Government ready to table historic pay-equity offer
Hon Andrew Little
Minister of Health
Government ready to table historic pay-equity offer for nurses
Speech notes from this morning’s announcement
Today I am announcing Cabinet’s decisions on the pay-equity claim for nurses employed by DHBs.
It is important to clarify there have been two separate processes under way to improve on nurses’ pay.
The first is the pay equity process which started in 2018 when the Nurses’ Organisation, the District Health Boards and the Government agreed as part of the pay settlement at that time to address a longstanding pay equity claim.
Around the same time, the PSA also reached agreement and the pay equity claims of both unions have proceeded together.
Those agreements included a process involving close collaboration between the unions, the DHBs and other government agencies.
Normal collective bargaining is not equipped for dealing with historical pay equity issues, which is why the Government is focussing on pay-equity.
The pay-equity process agreed between the unions and the DHBs involves a number of steps – or milestones, as they are referred to in the agreement.
The first four milestones were:
- confirming whether there is sex-based undervaluation of nurses
- identifying comparators – that is, jobs or occupations with comparable skills and responsibilities
- evaluating those skills, responsibilities and work conditions
- quantifying the equity gap.
This is not a straight forward process. It has proven to be more complicated than originally thought and so has taken longer than expected. No one is at fault. It is the way it is.
We are now at milestone five of the pay equity process. This milestone entails negotiation over the pay equity claim.
The second process for nurses’ pay is the conventional renewal of the applicable collective agreements.
Bargaining for renewal of collective agreements started last year. These negotiations generally focus on a cost of living adjustment for pay rates as well as addressing other conditions in the collective agreement.
It is true that offers exchanged between the parties in recent months have included an element related to pay equity – effectively an advance on an agreement in the future.
Those offers have recognised that the time taken to settle the pay equity claim is way longer than anyone thought it would be. But those offers have not been about negotiating the pay equity claim itself.
No agreement has been reached on renewal of the Nurses Organisation collective agreement. I understand the PSA is taking an offer to their members for consideration.
Coming to Cabinet’s decisions yesterday, in preparation for milestone five, which is negotiation of the pay equity claim, Cabinet has approved two things:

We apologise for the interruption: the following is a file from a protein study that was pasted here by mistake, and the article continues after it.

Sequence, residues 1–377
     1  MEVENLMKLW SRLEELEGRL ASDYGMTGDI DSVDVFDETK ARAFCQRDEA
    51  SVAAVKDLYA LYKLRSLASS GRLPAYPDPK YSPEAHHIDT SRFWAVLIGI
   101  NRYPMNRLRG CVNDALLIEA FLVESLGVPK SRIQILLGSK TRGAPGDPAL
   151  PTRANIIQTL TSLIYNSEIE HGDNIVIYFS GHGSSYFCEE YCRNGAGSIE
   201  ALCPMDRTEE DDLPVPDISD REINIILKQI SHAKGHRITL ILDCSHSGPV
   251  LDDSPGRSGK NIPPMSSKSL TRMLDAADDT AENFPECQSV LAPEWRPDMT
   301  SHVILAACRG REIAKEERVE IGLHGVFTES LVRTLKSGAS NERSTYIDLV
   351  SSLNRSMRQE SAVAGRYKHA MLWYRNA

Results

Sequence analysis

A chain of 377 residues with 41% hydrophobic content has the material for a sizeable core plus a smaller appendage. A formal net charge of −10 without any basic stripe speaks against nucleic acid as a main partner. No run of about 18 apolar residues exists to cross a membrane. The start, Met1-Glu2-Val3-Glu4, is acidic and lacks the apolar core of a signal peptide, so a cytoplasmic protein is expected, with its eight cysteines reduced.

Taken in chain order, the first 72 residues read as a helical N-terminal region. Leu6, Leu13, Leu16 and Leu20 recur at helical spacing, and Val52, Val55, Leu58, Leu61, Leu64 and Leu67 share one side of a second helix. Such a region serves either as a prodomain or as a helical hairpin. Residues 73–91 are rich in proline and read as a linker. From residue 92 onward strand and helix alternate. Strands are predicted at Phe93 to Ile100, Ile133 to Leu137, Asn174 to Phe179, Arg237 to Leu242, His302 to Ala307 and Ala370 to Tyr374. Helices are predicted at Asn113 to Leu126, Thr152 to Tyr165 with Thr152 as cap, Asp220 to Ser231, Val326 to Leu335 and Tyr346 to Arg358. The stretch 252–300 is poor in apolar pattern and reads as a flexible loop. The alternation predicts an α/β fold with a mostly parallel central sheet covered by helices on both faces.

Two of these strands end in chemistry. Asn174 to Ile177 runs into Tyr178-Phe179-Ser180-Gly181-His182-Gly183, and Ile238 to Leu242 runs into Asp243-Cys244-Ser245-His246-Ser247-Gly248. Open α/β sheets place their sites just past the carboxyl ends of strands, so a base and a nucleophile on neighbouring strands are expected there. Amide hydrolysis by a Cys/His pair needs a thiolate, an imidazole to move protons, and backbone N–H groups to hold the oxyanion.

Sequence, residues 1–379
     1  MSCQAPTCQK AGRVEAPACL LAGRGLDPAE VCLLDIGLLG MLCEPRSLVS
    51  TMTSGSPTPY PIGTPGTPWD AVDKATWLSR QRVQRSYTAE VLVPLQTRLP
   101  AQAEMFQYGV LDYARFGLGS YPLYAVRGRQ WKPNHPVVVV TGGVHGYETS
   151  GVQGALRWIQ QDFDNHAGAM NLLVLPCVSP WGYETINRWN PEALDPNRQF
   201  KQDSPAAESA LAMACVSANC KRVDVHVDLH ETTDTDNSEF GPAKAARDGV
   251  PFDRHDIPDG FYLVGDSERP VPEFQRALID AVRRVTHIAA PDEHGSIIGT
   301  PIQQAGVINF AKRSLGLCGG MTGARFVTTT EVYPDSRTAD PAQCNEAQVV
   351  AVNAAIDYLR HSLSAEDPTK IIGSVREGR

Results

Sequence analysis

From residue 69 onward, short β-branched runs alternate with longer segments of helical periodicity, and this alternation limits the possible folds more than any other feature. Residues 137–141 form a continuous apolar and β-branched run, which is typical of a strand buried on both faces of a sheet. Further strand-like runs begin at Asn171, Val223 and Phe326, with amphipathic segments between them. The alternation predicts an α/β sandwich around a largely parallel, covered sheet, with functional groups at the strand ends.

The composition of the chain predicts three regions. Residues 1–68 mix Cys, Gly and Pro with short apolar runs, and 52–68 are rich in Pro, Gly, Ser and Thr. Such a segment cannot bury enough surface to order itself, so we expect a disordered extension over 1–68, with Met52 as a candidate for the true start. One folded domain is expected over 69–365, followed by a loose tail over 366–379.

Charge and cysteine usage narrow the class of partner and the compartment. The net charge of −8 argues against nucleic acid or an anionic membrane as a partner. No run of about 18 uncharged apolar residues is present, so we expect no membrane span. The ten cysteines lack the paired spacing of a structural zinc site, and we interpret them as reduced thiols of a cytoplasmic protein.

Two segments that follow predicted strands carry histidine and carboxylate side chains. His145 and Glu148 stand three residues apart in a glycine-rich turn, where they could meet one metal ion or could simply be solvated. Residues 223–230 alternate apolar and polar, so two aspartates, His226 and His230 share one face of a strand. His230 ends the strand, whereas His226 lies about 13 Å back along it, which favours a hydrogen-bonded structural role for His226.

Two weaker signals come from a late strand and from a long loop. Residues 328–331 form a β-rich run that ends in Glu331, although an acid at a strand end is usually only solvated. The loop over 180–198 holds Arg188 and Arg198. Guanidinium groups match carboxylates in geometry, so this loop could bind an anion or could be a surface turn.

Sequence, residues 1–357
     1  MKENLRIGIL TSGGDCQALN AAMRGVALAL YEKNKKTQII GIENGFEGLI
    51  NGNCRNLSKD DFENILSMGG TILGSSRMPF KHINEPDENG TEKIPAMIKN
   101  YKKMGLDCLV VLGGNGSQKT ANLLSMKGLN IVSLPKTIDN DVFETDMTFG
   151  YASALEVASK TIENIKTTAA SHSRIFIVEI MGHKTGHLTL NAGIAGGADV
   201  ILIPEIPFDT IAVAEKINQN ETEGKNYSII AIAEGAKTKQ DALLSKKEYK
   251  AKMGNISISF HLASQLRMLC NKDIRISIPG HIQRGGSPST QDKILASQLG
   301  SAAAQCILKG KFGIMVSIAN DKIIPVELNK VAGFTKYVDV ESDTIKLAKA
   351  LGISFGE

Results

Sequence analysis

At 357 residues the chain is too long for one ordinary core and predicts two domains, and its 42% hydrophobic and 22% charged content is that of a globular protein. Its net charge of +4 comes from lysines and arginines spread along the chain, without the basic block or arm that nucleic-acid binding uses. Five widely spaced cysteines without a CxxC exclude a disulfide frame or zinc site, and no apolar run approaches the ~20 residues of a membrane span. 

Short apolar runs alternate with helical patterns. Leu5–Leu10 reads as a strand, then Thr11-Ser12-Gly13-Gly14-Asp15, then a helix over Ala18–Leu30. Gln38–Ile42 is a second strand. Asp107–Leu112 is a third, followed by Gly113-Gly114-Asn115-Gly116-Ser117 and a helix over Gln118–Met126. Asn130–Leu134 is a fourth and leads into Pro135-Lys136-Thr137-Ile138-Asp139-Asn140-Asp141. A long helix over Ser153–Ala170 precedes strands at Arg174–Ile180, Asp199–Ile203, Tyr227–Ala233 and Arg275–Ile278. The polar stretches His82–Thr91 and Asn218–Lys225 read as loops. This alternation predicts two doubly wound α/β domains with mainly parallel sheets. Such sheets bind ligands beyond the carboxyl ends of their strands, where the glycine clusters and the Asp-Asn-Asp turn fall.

· the mandate under which DHBs will now negotiate
· funding to meet the cost of the resulting agreement.
I have said before it is my expectation that the pay equity claim once agreed will add hundreds of millions of dollars a year to the current pay roll for nurses. This is still my expectation.
This morning I have written to the unions, the DHBs and the Ministry of Health and invited them to commence negotiations as soon as possible.
This has been long-awaited and is likely to be the most significant pay-equity settlement this country has ever seen.
And it is not before time. New Zealand passed the Equal Pay Act in 1972 and still, in many occupations, women earn less than men.
We know that nurses are underpaid, and that is why we are committed to pay equity.
Our resolve to reach a satisfactory agreement over pay equity for nurses remains undiminished.
To nurses I say I am aware achieving fair pay is not the only issue you are concerned about.
Many of you are facing challenging conditions at work because of short-staffed shifts and the uneven roll-out of Care Capacity Demand Management (or CCDM) agreement in the safe staffing accord.
On this question I can confirm the following:
I have established a Nursing Advisory Group which will have the task of reviewing the implementation of CCDM and the underlying methodology.
The four members of the group, supported by an independent secretariat, will look at where CCDM is operating successfully and where implementation is not complete.
The group will hear from nurses about what can be done better to ensure safe-staffing levels.
It will look at effectiveness – including staff satisfaction and patient outcomes – and whether CCDM is fit for purpose.
I will confirm the make-up of the group in the days to come.
The group will report to me in three months’ time.
Recognising pay equity and finding solutions to the current staffing problems are top priorities right now.
We are committed to these issues.
There is only one way forward on the pay-equity claim, and that is to commence negotiations as soon as possible.
I urge the parties to do so.